A MYSTERIOUS buzzing sound broadcast from Russia has led to a number of conspiracy theories – including that it could be used to launch a nuclear strike.
For the last 30 years or more a dull monotonous tone, joined every few seconds by buzzing, has been heard around the world on the short wave frequency 24 hours a day.
According to the BBC, it’s transmitted from two locations one near St Petersburg site and a location near Moscow.
It is thought to belong to the Russian military but that has never been admitted.
Anyone in the world can listen in, simply by tuning a radio to 4625 kHz.
The station was originally identified as UVB-76 and then MDZhB but is commonly known as The Buzzer.
The Buzzer has a number of dedicated enthusiasts and even online fan clubs who speculate about its location and true purpose.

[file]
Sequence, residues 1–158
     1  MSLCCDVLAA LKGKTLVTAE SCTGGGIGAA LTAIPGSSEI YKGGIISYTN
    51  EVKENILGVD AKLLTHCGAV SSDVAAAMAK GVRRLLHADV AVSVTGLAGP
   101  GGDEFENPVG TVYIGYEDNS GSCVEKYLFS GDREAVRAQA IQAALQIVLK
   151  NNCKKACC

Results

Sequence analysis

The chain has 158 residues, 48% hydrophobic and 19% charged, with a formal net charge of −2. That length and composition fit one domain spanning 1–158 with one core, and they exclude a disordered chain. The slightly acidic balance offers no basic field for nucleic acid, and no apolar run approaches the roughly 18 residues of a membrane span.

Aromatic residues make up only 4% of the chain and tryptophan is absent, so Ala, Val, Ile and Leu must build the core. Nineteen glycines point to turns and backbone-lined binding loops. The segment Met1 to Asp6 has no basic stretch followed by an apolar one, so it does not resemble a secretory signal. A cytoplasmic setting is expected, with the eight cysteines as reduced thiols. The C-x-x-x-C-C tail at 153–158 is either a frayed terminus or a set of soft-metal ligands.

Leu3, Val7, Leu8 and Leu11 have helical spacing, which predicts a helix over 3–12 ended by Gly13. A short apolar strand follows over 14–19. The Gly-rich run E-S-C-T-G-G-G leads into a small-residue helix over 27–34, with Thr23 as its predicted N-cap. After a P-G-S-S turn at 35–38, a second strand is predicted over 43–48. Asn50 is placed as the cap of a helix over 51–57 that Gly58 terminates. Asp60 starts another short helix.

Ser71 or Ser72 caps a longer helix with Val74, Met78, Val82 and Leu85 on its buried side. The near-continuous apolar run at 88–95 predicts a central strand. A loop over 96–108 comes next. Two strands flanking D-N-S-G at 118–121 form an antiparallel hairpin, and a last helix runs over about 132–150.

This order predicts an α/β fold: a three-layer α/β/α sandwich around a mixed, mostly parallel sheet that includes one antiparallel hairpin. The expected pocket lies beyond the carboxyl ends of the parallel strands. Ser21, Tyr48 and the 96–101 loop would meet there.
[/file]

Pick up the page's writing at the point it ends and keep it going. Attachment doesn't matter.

One group even claims to have managed to identify the exact location on Google maps outside St Petersburg.
First detected in 1982, The Buzzer is a relic of the Cold War and one idea that has been put forward is that it is a Dead Hand station.
Dead Hand stations were first set up by the Soviet Union to ensure a retaliation if their leadership was wiped out in a nuclear attack
It will stop broadcasting if Russia comes under nuclear attack and then automatically trigger strikes back.
There have been reports that Russia has maintained its Dead Hand system.
Another theory is that The Buzzer is sending messages to submarines or to agents.
Code words and numbers are intermittently played amongst the buzzing leading to speculation they could be encrypted.
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Another one of the myriad explanations is Russia may use the station in moments of crisis, spy network and military forces to standby in certain areas.
Experts and fans remain united, however, in the view that the exact nature of The Buzzer remains a mystery.
“There’s absolutely no information in the signal,” David Stupples, an expert in signals intelligence from London’s City University told the BBC.
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